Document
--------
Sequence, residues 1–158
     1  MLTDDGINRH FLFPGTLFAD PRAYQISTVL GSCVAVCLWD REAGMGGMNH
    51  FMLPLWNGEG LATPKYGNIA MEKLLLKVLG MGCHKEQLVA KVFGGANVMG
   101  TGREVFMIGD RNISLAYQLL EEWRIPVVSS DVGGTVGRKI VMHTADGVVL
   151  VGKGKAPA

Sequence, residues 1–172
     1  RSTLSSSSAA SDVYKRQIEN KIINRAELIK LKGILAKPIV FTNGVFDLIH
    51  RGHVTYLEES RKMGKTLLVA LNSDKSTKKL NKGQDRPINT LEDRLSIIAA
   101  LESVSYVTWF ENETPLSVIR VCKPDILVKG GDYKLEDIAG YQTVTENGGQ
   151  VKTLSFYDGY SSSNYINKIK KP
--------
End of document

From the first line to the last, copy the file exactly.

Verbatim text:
Sequence, residues 1–158
     1  MLTDDGINRH FLFPGTLFAD PRAYQISTVL GSCVAVCLWD REAGMGGMNH
    51  FMLPLWNGEG LATPKYGNIA MEKLLLKVLG MGCHKEQLVA KVFGGANVMG
   101  TGREVFMIGD RNISLAYQLL EEWRIPVVSS DVGGTVGRKI VMHTADGVVL
   151  VGKGKAPA

Sequence, residues 1–172
     1  RSTLSSSSAA SDVYKRQIEN KIINRAELIK LKGILAKPIV FTNGVFDLIH
    51  RGHVTYLEES RKMGKTLLVA LNSDKSTKKL NKGQDRPINT LEDRLSIIAA
   101  LESVSYVTWF ENETPLSVIR VCKPDILVKG GDYKLEDIAG YQTVTENGGQ
   151  VKTLSFYDGY SSSNYINKIK KP